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MSW Student Spotlight: Simone Snyder
February 28, 2018

Can you share a brief bio regarding your education and professional background? 

I studied anthropology and gender studies at New York University and spent many years working as a doula and midwifery assistant (among other things). It is my work as a doula that led me to working in the field of violence against women. I found that many of the women I was working with over the years had experienced some form of violence in their lives.  It became quite clear that their experiences as survivors was impacting their pregnancies and especially their labors. I began volunteering at domestic violence agencies and rape crisis centers to better understand what they were experiencing. What finally pushed me to apply to the MSW program was my experience working as a dating violence prevention educator at Jersey Battered Women’s Service. Based on my interest in the field of violence against women I knew that the Rutgers School of Social Work program was the only choice for me. Each year in the program, I have been honored to receive a scholarship and this year it is my distinct honor to be one of three recipients of the Verizon Wireless HopeLine VAWC scholarship. 

Scholarships received:

  • Verizon HopeLine Violence Against Women & Children Scholarship 2017
  • Dorothy Cartun Amdurer Memorial Scholarship 2017
  • Lillian Ringel Memorial Scholarship 2015, 2016 
  • Latino/a Initiatives for Service, Training and Assessment Scholarship 2015 


Born in Barbados and raised in West Long Branch, NJ

What drew you to Rutgers School of Social Work’s MSW program?

The Center on Violence Against Women and Children and the Certificate Program.

What were you most excited about in coming to the School and the program? Most nervous about?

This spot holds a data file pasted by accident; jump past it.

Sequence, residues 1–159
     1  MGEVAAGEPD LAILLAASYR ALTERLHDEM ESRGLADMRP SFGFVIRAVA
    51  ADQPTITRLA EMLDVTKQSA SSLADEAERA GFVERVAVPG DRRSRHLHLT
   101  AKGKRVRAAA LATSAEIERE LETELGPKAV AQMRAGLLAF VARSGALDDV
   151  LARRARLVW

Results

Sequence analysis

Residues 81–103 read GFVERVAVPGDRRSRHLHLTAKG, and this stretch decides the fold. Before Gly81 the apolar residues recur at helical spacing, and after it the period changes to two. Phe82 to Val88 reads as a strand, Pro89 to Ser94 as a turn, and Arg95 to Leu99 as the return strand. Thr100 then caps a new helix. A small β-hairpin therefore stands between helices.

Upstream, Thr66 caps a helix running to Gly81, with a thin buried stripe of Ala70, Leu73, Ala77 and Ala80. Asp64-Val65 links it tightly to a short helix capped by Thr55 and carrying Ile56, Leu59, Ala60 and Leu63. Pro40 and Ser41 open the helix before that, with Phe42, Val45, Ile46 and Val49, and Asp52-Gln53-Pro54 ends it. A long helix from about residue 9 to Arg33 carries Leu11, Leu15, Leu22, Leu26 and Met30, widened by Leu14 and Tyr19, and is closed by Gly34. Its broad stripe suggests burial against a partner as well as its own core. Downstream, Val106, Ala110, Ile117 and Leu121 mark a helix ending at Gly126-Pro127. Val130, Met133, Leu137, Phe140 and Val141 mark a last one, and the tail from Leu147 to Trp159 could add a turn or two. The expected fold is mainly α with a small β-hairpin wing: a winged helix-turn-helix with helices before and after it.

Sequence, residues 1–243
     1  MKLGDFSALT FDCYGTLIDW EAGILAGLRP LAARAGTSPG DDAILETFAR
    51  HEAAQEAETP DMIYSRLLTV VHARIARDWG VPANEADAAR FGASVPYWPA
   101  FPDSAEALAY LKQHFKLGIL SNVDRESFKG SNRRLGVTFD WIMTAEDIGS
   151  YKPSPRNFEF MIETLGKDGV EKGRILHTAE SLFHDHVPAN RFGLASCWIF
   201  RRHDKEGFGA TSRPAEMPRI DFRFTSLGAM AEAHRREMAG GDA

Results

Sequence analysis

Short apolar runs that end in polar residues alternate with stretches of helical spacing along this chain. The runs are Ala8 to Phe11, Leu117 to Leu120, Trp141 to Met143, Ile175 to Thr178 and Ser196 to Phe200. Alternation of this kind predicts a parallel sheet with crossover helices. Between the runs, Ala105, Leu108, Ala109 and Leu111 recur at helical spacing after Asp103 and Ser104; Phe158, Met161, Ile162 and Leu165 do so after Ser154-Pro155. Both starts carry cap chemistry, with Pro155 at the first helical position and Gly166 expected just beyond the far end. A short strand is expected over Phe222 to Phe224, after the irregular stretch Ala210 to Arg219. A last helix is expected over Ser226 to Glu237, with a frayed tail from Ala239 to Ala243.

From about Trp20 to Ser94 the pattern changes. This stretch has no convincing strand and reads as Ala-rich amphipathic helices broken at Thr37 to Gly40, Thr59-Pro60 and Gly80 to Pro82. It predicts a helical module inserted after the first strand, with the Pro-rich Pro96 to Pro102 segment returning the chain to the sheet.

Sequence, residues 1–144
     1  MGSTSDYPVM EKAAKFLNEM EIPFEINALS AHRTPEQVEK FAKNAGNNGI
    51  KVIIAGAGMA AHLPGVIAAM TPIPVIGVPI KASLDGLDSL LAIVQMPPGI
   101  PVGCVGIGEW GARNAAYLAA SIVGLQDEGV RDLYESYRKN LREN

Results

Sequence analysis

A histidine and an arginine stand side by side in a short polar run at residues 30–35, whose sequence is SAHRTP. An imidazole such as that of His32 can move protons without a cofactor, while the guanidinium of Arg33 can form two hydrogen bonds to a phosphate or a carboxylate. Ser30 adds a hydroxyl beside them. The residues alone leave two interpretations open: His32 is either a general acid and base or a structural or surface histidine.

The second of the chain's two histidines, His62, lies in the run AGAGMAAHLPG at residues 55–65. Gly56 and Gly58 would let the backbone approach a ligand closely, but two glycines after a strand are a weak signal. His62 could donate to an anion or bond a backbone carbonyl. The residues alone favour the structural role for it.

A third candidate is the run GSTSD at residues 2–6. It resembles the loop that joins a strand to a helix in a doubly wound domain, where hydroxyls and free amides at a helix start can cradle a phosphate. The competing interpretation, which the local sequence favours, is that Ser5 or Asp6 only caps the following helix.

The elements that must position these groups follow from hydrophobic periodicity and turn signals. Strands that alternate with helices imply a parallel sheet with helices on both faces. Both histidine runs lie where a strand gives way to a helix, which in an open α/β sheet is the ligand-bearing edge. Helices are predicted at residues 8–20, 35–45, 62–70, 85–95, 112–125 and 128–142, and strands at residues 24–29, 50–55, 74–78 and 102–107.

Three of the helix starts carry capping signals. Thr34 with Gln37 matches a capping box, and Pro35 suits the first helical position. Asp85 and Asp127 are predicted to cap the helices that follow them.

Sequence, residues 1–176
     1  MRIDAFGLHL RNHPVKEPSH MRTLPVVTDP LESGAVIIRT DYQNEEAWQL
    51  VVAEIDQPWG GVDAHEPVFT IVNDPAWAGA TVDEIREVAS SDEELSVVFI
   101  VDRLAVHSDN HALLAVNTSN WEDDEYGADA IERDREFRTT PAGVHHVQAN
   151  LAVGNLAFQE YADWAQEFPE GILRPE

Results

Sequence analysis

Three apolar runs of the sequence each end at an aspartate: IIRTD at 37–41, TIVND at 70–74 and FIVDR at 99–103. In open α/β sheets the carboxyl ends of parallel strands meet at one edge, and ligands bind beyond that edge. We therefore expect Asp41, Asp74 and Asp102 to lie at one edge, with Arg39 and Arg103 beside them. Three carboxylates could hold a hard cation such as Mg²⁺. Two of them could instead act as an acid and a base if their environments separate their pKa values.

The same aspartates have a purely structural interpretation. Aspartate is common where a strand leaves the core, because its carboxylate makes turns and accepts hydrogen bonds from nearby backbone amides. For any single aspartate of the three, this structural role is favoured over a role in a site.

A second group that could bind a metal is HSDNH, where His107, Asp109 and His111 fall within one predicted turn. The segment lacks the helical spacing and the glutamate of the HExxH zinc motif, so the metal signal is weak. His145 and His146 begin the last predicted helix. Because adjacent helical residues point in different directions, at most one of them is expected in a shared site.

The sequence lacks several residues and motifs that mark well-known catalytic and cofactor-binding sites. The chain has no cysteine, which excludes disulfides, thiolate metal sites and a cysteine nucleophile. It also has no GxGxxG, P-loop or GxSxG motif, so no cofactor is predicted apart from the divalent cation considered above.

I love being in school so I was really excited for the work but I am considered “non-traditional student” because I completed my undergraduate degree in 2002 so I was mainly nervous about my writing skills. I was worried that my writing was a tad bit rusty. One of the first things I did as a new student was set up an appointment at the writing center and met with the Research Librarian to brush up on my research skills as well. 

What are your areas of research or professional interest and what personally drew you to this particular area? 

Broadly speaking my areas of interest fall under the category of gender and policy. I am specifically interested in issues related to gender based violence, human rights, poverty and inequality, criminal justice reform, midwifery/maternal health, international social work and social welfare policy – to name just a few. 

My dream job is to work as a gender based violence policy specialist for UN Women with a focus in Southeast Asia and/or Latin America and the Caribbean. 

List 5 words that friends would use to describe you.

I asked, they said: funny, hardworking, compassionate, adventurous, and authentic. 

Do you have a favorite quote or phrase that serves as your persona creed or motto?

“I want to live the rest of my life, however long or short, with as much sweetness as I can decently manage, loving all the people I love, and doing as much as I can of the work I still have to do. I am going to write fire until it comes out of my ears, my eyes, my nose holes-everywhere. Until it’s every breath I breathe. I’m going to go out like a meteor!”  – Audre Lorde 

How do you manage balancing your time with schoolwork, volunteer work, and job and/or home life? 

I knew when I applied to the program that I would have to perfect my time management skills. Not only do I work, volunteer, and attend school, I am the mother of 2 and foster mother of 1 – so it was very important to be mindful of balancing my time right from the beginning. I set aside specific days dedicated to studying (usually while the kids are at school) and write myself a lot of reminders and “to-do” lists. I think the fact that I am a mother and have already spent many years juggling work life, family life, and on-call doula life gave me a significant advantage. I get teased sometimes for starting and/or completing work way too early but I have to use the available time I have – sometimes managing my time means looking ahead and planning way in advance. You just have to plan and then plan some more!

What are your plans after graduation? 

Take a family vacation!  (Maybe apply to the PhD program?) 

Any advice for incoming students? 

Connect early and often with your fellow students, get as involved as you can, ask for help, and utilize the resources available to you.

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